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'My dream is to live in Ireland for a year,' says Guido, despite 'worm' who left him paralysed


Guido Nasi was left paralysed when he was hit in the head with a bottle

Guido Nasi was left paralysed when he was hit in the head with a bottle

Attacker James Osborne

Attacker James Osborne


Guido Nasi was left paralysed when he was hit in the head with a bottle

Former student Guido Nasi, left a paraplegic after being viciously attacked in Dublin, has "a dream to live in Ireland".

Italian Guido (34) is confined to a wheelchair permanently and is almost blind because of the assault in a Dublin park 17 years ago.

"Beautiful green land, full of happy and kind people," is how Guido describes Ireland despite the horrific attack in Fairview Park on July 29, 1999.

He has sent a letter from Italy to the Irish nation through Bernadette Kelly of the Irish Tourist Assistance Service, declaring his wish to come to Ireland.

He would like to spend one year living in Ireland before settling into a community for disabled people in Italy, he said.

Guido said he would "always be grateful" to the victim support organisation and to the Irish people for the goodwill and generosity shown to him and his mother after the attack.


Guido had travelled to Ireland as a 17-year-old to study English in Dublin. He was visiting Fairview Park when a Dublin man hit him on the head with a bottle.

He was left with catastrophic injuries and has been a paraplegic for the past 17 years. His eyesight was also seriously damaged.

He is the only son of his mother Simonetta, who is now in her 70s. Guido lives with her in a third-floor apartment in Turin in Italy.

Donations, cards and letters of support were sent by Irish people to Guido and his mother in the years after the attack.

The pair were received warmly by Irish people and officials on trips to Ireland in the years after the devastating attack.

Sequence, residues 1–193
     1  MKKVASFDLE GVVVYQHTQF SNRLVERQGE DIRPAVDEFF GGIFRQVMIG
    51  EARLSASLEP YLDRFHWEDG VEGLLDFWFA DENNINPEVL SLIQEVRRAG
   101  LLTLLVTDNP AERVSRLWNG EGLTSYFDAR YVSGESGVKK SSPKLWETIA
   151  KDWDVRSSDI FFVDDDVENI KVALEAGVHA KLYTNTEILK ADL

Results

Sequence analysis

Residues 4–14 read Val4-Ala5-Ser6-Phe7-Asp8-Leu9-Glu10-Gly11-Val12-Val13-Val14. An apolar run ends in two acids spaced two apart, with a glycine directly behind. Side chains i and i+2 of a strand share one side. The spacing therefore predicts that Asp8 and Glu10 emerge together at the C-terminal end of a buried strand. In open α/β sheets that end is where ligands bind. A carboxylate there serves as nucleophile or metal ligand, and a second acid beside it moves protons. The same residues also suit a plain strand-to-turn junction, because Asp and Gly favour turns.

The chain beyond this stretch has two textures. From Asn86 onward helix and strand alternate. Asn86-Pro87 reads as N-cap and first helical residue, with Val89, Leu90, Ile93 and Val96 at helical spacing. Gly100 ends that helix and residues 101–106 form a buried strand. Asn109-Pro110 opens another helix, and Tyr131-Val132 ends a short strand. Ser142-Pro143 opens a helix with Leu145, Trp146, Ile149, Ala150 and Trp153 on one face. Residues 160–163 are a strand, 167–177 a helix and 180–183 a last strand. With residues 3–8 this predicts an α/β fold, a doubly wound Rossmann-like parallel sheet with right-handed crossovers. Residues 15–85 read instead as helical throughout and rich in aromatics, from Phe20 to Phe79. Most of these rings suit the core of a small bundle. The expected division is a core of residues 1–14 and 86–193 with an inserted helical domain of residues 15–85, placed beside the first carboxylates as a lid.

Ms Kelly, who is fluent in Italian, worked with the victim support organisation in Dublin and befriended Guido and his mother and acted as a translator for Simonetta, who does not speak English.

A new letter sent by Guido to Bernadette declares his warm feelings for Ireland.

His letter opens with "Hello Ireland" and praises the country's beautiful countryside and its kind people.

He said he had received a final award from the Irish Criminal Injuries Compensation Tribunal.

The money, he said, "will allow me to move to an apartment within a community for disabled people and pay for therapies.

"Without that money, I wouldn't be able to afford such cost," he said.

"I do have a dream: to live in Ireland for one year."

He said he would prefer not to use the money from his compensation award for his travel and accommodation costs.

"I really need to keep those funds primarily for my therapies, for my 24-hour medical assistance and for the costs of accommodation," he said.

Guido recently needed emergency surgery for an intestinal problem.

He signed off his letter with the words "A big hug, Guido".

James Osborne, of Forth Road, East Wall, pleaded guilty at the Circuit Criminal Court in 2001 to causing serious harm.

Aged 29 with a serious alcohol problem at the time of the attack, Osborne was sentenced to eight-and-a-half years in prison. He served his sentence.


Ms Kelly, speaking on RTE's Ray D'Arcy Show last May, described what happened to Guido in Fairview Park.

She said: "A group of young boys started to play with him [Guido] and his friends when they were in the park and one guy stole Guido's wallet.

"Guido chased him when the group ran away and he caught one but when he was holding him waiting for someone to call the police, a man came.

"He wanted to get the child away from Guido so he hit Guido in the head with a bottle and that's all it took.

"One bang with a bottle and the consequences are what they are now."

Ms Kelly said that Guido feels as though he died that day.

"On his 18th birthday I asked people through the Herald to send him birthday cards and he got thousands.

"They had to send the van a couple of times to bring all the presents and cards that people had sent him and now they still write to him," she said.